The Great Exhibition of the Works of Industry of all Nations or The Great Exhibition, sometimes referred to as the Crystal Palace Exhibition in reference to the temporary structure in which it was held, was an international exhibition that took place in London, from 1 May to 11 October 1851. The Great Exhibition was organized by Henry Cole and Prince Albert, husband of the reigning monarch, Queen Victoria. Its prime motive was for “Great Britain [to make] clear to the world its role as industrial leader.” Prince Albert, was an enthusiastic promoter of the self-financing exhibition, in which countries from around the world could display their achievements, Great Britain sought to prove its own superiority. The British exhibits at the Great Exhibition “held the lead in almost every field where strength, durability, utility and quality were concerned, whether in iron and steel, machinery or textiles.” Great Britain also sought to provide the world with the hope of better times to come. Europe had just struggled through “two difficult decades of political and social upheaval,” and now Great Britain hoped to show that technology, particularly its own, was the key to a better future.
It was a defining moment in the history of 19thc Britain. The country had been at peace over 35 years, since the defeat of Bonaparte at Waterloo, had strengthened its supremacy (for the time being) as the “Workshop of theWorld”, and had perhaps become rather complacent. The ensuing decade, would see war with Russia, and revolution in India (the “Mutiny”). The 1860s would see the rapid rise of the USA as an industrial power, accelerated by the Cvil War, and of Prussia, soon to lead a united Germany under Chancellor Bismark, So if 1851 was not the high tide mark of British prosperity, the water level was not rising as quickly as it had.
Admission prices to the Crystal Palace varied according to the date of visit, from three guineas (£311.05 in 2016) two guineas for a woman) for a season ticket, or £1 per day (for the first two days only), then reducing to five shillings per day (until May 22). The admission price was then further reduced to one shilling (£4.94 in 2016), per day – except on Fridays, when it was set at two shillings and six pence and on Saturdays when it remained at five shillings. The one-shilling ticket proved most successful amongst the industrial classes, with four and a half million shillings (£22,217,549 in 2016), being taken from attendees in this manner. In many respects, this mass attendance was one of the more important effects of the Exhibition. Apart from some local efforts in organising excursions (it is how Thomas Cook got his start), the Railway Companies regarded their principal business as coming from 1st and 2nd class passengers, thirds were regarded as a neccessary evil. The huge demand for cheap train tickets to see the exhibition caught them by surprise, revealing a mass travel market, prepared to spend reasonable sums for journeys over quite long distances, preferably in a vehicle with seats and a roof. The result was a modest improvement in the standards of third class carriages, the admittance of third class passengers to many trains which hitherto had been first and second only, and a huge upsurge in passenger revenues, with the value of third class ticket sales soon surpassing first and second combined.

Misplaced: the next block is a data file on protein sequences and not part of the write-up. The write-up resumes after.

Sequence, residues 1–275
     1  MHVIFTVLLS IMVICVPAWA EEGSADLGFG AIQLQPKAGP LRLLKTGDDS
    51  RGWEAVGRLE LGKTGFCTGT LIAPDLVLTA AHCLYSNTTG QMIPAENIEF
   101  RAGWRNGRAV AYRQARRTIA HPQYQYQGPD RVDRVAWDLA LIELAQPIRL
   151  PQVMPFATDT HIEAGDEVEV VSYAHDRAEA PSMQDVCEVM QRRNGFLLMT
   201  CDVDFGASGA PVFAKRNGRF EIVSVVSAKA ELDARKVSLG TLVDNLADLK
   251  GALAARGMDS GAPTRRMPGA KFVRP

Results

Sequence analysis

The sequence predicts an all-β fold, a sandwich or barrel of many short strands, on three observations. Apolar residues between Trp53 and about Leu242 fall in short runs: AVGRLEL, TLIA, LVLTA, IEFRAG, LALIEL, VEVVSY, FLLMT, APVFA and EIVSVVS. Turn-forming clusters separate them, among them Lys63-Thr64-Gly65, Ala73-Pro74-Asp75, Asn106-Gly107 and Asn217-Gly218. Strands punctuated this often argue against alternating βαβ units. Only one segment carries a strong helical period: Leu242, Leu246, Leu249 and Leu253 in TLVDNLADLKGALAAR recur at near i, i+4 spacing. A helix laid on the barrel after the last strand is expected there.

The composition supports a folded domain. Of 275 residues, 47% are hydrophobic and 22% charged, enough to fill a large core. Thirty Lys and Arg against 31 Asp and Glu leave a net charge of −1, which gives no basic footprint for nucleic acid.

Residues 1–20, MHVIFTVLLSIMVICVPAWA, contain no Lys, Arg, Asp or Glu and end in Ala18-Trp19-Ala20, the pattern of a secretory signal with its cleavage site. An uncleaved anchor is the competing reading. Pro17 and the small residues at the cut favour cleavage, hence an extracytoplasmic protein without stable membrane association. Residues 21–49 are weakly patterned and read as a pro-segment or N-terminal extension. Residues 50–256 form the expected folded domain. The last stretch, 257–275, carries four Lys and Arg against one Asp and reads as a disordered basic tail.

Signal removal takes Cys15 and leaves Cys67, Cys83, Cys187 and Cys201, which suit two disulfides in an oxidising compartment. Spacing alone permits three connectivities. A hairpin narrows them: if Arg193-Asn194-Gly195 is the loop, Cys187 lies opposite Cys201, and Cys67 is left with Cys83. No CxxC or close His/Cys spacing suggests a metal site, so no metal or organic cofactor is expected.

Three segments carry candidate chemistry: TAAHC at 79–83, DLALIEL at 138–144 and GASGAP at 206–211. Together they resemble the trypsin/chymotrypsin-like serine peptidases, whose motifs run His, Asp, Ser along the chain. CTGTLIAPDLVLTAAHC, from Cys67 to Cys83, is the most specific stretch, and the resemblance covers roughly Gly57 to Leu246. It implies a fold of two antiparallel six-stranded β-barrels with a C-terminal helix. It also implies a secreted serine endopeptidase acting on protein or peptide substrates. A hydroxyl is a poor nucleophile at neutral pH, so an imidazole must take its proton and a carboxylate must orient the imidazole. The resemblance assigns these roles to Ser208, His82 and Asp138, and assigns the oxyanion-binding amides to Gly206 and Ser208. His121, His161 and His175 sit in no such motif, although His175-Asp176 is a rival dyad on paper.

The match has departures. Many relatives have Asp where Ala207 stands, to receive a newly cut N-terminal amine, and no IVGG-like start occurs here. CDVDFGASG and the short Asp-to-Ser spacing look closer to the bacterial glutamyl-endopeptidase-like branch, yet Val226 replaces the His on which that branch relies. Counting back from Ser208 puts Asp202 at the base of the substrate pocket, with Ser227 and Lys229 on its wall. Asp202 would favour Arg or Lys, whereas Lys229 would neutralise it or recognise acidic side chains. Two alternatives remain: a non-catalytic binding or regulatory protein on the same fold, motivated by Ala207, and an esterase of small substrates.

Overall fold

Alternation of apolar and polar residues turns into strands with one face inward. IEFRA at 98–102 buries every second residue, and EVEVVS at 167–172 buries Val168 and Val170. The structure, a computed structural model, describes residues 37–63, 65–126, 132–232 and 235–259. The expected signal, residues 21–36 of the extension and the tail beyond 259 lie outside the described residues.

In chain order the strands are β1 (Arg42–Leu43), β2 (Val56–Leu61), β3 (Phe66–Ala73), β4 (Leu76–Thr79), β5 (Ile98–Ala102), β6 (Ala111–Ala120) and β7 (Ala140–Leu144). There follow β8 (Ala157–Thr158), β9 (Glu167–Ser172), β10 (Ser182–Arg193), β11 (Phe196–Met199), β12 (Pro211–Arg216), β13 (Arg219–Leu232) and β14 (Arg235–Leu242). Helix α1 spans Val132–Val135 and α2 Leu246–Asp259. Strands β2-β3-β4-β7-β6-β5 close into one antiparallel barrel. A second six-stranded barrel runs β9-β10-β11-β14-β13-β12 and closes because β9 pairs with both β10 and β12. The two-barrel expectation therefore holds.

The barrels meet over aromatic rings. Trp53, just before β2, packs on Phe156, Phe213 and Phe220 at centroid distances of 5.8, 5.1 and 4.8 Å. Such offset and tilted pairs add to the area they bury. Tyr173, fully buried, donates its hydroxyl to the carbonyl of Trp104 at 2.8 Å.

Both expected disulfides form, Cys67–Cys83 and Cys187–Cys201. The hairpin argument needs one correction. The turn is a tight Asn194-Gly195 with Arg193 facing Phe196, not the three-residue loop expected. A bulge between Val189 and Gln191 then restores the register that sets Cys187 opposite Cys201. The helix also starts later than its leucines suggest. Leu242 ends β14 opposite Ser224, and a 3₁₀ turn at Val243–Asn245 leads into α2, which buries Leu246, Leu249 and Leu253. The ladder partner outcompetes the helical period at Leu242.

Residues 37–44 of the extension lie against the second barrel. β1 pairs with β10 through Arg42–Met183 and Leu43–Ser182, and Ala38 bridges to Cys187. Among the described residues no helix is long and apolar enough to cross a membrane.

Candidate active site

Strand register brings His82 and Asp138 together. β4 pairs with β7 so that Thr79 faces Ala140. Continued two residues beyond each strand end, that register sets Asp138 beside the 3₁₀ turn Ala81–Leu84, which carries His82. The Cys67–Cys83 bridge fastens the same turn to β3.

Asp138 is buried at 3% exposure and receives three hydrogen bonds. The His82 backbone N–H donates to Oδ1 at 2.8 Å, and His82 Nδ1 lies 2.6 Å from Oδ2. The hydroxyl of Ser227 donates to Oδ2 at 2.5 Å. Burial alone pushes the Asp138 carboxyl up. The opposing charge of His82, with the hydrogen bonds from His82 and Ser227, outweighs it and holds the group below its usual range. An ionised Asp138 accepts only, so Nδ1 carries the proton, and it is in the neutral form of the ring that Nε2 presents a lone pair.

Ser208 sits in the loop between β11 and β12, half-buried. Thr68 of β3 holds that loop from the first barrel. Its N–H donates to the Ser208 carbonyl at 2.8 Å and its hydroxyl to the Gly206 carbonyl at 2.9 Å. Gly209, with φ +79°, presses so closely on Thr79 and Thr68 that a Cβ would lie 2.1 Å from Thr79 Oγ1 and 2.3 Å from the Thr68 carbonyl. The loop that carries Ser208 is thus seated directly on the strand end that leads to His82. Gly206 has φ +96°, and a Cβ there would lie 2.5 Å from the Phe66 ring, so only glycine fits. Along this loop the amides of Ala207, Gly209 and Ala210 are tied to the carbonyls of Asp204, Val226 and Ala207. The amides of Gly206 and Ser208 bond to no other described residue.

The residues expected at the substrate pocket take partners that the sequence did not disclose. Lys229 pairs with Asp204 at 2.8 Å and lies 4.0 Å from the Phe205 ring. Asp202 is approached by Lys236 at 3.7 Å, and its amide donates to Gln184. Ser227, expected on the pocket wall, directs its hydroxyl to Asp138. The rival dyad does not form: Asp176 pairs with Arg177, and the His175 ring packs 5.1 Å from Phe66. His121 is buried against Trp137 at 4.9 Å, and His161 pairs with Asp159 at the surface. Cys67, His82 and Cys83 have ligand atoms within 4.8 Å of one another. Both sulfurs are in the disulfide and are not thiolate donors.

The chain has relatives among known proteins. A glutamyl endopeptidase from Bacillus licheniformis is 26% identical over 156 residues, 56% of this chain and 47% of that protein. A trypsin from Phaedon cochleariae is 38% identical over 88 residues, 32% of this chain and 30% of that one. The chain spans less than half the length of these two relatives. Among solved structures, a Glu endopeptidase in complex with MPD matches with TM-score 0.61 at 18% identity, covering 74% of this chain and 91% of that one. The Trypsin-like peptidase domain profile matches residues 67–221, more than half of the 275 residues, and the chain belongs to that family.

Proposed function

PREVIEW BELOW – MAY TAKE A WHILE TO LOAD.